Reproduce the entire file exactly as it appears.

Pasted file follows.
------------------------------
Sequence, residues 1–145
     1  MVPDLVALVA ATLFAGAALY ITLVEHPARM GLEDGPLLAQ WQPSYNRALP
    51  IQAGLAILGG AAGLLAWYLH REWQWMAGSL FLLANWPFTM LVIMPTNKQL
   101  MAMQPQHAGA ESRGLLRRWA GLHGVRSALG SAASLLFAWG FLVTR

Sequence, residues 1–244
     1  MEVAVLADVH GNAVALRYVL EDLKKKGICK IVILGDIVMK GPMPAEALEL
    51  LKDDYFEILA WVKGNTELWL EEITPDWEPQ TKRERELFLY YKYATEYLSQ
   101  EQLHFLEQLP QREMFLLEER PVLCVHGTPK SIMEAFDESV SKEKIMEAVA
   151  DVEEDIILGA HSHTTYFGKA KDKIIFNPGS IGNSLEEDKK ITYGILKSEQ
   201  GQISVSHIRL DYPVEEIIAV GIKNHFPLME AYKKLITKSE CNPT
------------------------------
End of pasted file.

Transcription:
Sequence, residues 1–145
     1  MVPDLVALVA ATLFAGAALY ITLVEHPARM GLEDGPLLAQ WQPSYNRALP
    51  IQAGLAILGG AAGLLAWYLH REWQWMAGSL FLLANWPFTM LVIMPTNKQL
   101  MAMQPQHAGA ESRGLLRRWA GLHGVRSALG SAASLLFAWG FLVTR

Sequence, residues 1–244
     1  MEVAVLADVH GNAVALRYVL EDLKKKGICK IVILGDIVMK GPMPAEALEL
    51  LKDDYFEILA WVKGNTELWL EEITPDWEPQ TKRERELFLY YKYATEYLSQ
   101  EQLHFLEQLP QREMFLLEER PVLCVHGTPK SIMEAFDESV SKEKIMEAVA
   151  DVEEDIILGA HSHTTYFGKA KDKIIFNPGS IGNSLEEDKK ITYGILKSEQ
   201  GQISVSHIRL DYPVEEIIAV GIKNHFPLME AYKKLITKSE CNPT